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Boko Haram bombers blamed for 28 deaths
From the Financial Times of Tue, 23 Dec 2014 15:50:35 GMT
epa04538355 A general view of the scene of a bomb blast at Dukku bus rank in Gombe, Nigeria, 22 December 2014. According to local news reports at least 20 people died and 18 sustained various injuries in the blast. The blast is suspected to be the work of militant Islamic group Boko Haram who have been waging a war of teror in Nigeria for the past five years. EPA/STR©EPA

The scene of the bomb blast at the Dukku bus rank in Gombe where at least 20 people were killed

At least 28 people were killed in two Nigerian cities on Monday in bomb blasts that have been blamed on a Boko Haram wave of violence ahead of elections in February

Two explosions in quick succession at a bus station in Gombe left at least 20 dead and wounded twice as many, said emergency service officials, though it was not immediately clear if they were the work of suicide bombers. Later in the day an explosion at a market in Bauchi state killed seven and set the market alight.

Gombe borders Bauchi as well as Adamawa, Borno and Yobe, the Nigerian states worst affected by the insurgency.

Last week 35 people were killed and as many as 172, including women and children, were abducted in the village of Gumsuri in Borno, the focus of Boko Haram efforts to carve out a strict Islamic state in the remote and poor northeast.

The relentless violence comes amid rising political tension ahead of scheduled elections, in which General Muhamadu Buhari, a former military ruler and petroleum minister, is positioning himself as the strongman needed to restore stability and stamp out corruption.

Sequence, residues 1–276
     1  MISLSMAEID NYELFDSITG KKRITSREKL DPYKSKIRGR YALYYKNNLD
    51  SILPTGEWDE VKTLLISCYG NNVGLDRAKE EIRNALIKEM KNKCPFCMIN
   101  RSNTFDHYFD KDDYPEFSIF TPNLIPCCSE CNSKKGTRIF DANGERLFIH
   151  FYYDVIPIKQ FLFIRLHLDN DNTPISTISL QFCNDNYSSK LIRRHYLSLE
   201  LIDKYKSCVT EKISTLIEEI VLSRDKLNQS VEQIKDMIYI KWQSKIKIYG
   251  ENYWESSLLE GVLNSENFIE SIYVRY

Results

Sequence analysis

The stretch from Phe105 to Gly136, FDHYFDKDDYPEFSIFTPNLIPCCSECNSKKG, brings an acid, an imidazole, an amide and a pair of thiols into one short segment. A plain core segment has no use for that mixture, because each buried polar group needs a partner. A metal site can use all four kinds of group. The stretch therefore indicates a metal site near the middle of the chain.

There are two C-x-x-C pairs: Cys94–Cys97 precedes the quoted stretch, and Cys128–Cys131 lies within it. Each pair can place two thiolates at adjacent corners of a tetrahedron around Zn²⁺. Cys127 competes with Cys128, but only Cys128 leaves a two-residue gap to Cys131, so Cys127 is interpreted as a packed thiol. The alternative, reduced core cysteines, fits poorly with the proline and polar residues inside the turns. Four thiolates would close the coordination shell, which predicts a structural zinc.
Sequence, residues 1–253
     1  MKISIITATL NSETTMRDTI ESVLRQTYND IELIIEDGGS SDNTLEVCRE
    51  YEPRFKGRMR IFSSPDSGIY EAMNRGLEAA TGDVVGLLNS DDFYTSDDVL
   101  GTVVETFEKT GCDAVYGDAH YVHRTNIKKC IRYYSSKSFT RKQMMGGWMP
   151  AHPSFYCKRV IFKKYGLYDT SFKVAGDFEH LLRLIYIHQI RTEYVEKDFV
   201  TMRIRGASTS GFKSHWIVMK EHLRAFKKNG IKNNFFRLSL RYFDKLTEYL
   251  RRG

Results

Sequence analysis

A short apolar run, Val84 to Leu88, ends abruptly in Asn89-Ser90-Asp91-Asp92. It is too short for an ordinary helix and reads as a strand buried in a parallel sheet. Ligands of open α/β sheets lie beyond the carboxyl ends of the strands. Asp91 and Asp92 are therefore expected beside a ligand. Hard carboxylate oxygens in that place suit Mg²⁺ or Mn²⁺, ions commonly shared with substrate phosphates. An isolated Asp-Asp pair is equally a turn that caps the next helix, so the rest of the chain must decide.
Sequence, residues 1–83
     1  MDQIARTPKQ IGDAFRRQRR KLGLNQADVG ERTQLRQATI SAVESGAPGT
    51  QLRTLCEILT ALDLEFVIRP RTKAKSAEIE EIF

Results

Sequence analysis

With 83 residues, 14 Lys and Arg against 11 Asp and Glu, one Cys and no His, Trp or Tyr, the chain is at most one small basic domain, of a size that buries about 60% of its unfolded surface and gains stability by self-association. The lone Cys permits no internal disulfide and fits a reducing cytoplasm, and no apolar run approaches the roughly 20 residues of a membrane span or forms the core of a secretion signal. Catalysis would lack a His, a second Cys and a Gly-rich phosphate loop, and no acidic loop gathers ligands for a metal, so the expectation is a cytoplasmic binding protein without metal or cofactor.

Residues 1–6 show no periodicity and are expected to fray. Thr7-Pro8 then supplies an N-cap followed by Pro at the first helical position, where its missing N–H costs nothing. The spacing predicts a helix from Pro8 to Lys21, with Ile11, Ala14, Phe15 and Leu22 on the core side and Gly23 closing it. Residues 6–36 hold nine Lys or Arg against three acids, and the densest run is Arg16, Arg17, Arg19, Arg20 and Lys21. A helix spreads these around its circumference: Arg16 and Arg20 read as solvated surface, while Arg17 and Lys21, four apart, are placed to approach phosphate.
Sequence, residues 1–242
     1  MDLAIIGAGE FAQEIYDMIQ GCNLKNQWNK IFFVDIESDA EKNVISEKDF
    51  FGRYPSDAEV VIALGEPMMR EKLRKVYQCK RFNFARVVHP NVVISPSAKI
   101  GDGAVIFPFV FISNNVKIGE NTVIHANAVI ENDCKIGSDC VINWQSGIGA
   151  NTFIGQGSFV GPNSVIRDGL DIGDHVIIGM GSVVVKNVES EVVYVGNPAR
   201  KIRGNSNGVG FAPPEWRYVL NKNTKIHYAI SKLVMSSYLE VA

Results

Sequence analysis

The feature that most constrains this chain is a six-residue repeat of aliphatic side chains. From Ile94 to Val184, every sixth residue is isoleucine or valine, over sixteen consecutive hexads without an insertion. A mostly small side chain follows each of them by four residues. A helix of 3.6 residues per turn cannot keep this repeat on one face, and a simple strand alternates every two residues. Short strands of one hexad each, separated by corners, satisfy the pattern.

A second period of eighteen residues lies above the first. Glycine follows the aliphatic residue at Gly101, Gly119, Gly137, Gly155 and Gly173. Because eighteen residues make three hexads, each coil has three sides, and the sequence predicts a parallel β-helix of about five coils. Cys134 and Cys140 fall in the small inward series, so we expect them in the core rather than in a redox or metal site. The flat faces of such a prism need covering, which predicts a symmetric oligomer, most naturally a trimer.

Gen Buhari, who took power in a coup in 1983 and ruled Nigeria with an iron fist until he was deposed by rival officers in 1985, has tried three times to return to power via the ballot box.

Goodluck Jonathan, the president, remains favourite to win the contest in February. But analysts say violence in the mainly Muslim north, where Gen Buhari has a strong following, the tumble in the naira currency and disaffection with Mr Jonathan’s record on corruption have given his rivals the best chance of unseating the ruling People’s Democratic party since the return of civilian rule in 1999.

Gen Buhari has chosen Professor Yemi Osibanjo, a Christian and former attorney-general of Lagos state, as his running mate in a bid to win votes from the populous Yoruba-speaking southwest.

Setting the tone for what is likely to be an acrimonious campaign, Wale Oladipo, the PDP’s national secretary, described Gen Buhari as a “semi-literate jackboot”.

Both main parties accuse each other of profiting from the insurgency. The national electoral commission said last week that as many as 1.5m voters could be disenfranchised in the worst-affected states, where the opposition is popular, unless laws are changed to enable displaced people to vote outside their constituencies.

Yet the violence reflects particularly badly on Mr Jonathan, who has struggled to contain the insurgency since its outbreak in 2009.

More than 10,000 people have been killed in bombings and massacres this year alone, according the US council for foreign relations. The more than 200 girls snatched by Boko Haram from a school in the village of Chibok in April remain in captivity, further damaging Mr Jonathan's credibility.

In neighbouring Cameroon, the army said it had dismantled a Boko Haram training camp, killed and arrested dozens of militants and rescued 84 child captives.

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